Marines served on land and sea during the Revolution, but the Marine Corps and Navy were almost dissolved by the end of the war. President John Adams signed a bill to resurrect the Marine Corps on July 11, 1798, establishing the reason for the Corps’ birthday is celebrated on this day. Maj Edwin McClellan, Officer-in-Charge, Historical Section, Headquarters Marine Corps, sent a memorandum to Major General Commandant John A. Lejeune on October 21, 1921, proposing that the Corps’ original birthday, November 10, 1775, be proclaimed a holiday to be observed across the Corps. Maj McClellan has proposed that a dinner be organized to celebrate the incident in Washington, D.C.
MajGen Lejeune gave Marine Corps Order No. 47, Series 1921, on November 1, 1921. The order outlined the Corps’ history, purpose, and tradition, and ordered that it be read to every command on the 10th of November each year in honor of the Marine Corps birthday. This command was dutifully executed. Commemorations of the Marine Corps Birthday began to emerge randomly in the Corps in 1937, as if they had taken on a life of their own. The festivities were widely reported in all forms of coverage. To summarise the Corps’ history, newsreels, motion pictures, and displays were made.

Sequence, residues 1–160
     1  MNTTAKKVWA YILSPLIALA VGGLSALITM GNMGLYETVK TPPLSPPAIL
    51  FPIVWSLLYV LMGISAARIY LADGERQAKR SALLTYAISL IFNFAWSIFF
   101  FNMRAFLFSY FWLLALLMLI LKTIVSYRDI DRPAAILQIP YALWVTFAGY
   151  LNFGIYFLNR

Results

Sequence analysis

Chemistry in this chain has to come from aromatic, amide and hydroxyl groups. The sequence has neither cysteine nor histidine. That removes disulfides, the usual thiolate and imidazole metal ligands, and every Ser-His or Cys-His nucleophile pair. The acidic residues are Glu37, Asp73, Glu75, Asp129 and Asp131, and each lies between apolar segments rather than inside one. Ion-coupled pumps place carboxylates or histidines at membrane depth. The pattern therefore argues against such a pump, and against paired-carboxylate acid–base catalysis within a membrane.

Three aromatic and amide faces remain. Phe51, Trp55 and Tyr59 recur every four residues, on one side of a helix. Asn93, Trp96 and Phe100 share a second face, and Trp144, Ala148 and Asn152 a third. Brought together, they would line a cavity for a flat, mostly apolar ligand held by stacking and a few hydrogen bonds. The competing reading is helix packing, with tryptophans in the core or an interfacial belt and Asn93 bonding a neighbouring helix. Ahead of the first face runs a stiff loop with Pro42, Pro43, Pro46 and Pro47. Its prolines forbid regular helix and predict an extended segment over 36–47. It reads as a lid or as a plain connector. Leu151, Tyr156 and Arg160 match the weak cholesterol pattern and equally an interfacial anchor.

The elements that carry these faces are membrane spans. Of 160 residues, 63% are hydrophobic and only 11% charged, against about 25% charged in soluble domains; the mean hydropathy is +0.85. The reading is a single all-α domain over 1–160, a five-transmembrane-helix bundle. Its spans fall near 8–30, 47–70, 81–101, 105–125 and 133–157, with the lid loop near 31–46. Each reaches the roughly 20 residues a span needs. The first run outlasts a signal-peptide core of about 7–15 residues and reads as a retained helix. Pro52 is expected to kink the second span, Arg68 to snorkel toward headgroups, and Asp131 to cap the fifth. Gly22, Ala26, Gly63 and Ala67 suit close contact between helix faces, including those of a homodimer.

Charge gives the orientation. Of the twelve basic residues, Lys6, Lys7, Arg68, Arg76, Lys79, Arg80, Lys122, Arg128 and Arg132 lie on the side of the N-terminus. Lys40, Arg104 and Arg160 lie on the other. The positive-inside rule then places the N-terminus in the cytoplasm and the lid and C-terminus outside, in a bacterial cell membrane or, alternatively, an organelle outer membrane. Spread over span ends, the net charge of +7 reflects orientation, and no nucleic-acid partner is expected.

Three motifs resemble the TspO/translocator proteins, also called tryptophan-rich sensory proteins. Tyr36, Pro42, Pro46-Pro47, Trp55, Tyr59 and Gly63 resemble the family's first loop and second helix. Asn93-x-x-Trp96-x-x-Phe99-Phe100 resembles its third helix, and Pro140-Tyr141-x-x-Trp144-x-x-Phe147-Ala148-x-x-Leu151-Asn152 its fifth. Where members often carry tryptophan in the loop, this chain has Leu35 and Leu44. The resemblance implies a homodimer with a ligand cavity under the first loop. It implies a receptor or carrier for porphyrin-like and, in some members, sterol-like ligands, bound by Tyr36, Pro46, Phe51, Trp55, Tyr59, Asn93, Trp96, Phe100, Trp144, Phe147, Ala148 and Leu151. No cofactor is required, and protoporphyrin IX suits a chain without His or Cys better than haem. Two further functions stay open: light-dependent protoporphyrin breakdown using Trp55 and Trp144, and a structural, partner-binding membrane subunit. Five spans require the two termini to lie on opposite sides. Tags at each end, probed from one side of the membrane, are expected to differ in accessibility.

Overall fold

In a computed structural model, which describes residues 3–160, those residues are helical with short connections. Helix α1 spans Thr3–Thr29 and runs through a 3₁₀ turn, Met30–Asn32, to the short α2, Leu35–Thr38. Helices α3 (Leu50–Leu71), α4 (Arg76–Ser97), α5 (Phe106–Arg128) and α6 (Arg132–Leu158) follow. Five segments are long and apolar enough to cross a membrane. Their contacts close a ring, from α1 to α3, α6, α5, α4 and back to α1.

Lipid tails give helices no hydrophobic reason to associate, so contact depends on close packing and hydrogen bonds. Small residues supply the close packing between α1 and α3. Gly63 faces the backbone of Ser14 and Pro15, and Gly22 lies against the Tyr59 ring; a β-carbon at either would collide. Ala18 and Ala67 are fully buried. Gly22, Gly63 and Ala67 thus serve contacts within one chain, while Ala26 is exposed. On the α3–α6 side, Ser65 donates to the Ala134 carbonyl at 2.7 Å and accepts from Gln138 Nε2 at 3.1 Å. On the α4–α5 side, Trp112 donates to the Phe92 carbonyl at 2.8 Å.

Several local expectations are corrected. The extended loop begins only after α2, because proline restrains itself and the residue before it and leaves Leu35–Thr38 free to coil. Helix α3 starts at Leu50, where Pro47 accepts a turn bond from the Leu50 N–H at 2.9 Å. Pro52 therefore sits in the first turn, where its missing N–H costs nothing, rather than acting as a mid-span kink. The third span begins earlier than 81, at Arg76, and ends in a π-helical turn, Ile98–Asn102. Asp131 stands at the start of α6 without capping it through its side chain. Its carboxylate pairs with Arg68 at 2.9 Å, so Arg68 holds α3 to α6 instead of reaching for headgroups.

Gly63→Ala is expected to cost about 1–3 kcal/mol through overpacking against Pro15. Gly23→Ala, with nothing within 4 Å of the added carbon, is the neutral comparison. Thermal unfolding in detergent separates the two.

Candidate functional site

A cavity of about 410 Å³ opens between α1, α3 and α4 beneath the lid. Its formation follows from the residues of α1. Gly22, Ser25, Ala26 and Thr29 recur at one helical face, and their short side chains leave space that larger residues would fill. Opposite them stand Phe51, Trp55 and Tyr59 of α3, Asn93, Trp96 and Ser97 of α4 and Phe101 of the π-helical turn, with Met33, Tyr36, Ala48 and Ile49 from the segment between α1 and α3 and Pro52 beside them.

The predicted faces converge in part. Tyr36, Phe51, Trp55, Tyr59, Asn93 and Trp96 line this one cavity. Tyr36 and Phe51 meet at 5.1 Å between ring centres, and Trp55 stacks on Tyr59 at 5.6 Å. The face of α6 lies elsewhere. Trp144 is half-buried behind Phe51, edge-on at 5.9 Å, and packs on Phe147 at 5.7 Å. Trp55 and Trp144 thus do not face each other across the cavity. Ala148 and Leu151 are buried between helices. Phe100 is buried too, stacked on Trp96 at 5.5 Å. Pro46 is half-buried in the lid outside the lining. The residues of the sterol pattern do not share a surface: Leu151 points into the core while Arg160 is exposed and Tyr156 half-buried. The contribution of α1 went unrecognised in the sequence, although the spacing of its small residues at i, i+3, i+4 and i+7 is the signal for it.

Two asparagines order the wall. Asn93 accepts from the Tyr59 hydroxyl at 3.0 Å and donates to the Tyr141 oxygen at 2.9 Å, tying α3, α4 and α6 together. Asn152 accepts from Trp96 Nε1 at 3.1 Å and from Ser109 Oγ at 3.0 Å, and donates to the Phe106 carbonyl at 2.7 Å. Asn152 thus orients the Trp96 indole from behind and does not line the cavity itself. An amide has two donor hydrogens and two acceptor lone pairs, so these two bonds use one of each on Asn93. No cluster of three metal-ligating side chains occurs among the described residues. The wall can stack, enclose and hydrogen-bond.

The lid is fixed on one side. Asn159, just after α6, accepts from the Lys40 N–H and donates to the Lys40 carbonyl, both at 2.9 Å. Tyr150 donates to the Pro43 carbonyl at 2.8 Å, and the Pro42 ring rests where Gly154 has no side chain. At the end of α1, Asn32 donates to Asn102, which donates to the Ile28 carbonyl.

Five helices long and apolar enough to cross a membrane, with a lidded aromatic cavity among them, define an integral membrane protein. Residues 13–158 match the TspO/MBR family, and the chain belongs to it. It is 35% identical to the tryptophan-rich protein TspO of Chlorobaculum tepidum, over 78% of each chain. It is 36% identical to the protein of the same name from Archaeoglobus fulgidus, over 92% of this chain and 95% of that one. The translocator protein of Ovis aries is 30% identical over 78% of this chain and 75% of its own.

General Lemuel C. Shepherd, Jr., the Commandant of the Marine Corps, ordered that the Marine Corps Birthday be formalized in the Corps on October 28, 1952, and given an outline for the cake ceremony, as well as other institutional observances. The Marine Corps Drill Manual, which was authorized on January 26, 1956, contained this description. General Lemuel C. Shepherd, Jr., the Commandant of the Marine Corps, ordered that the Marine Corps Birthday be formalized in the Corps on October 28, 1952, and given an outline for the cake ceremony, as well as other institutional observances. The Marine Corps Drill Manual, which was authorized on January 26, 1956, contained this description.
The Marine Corps Birthday, which falls on November 10th, is now commemorated in a variety of ways around the Corps. The reading of Marine Corps Order No. 47 and the Commandant’s address to those present are included in all commemorations. The Marine Corps Manual requires that every command host a Birthday Ball, complete with a pageant and cake ceremony.
Like the Corps itself, the Birthday Ball grew from humble beginnings to become the refined, professional event that all Marines around the world celebrate on November 10th.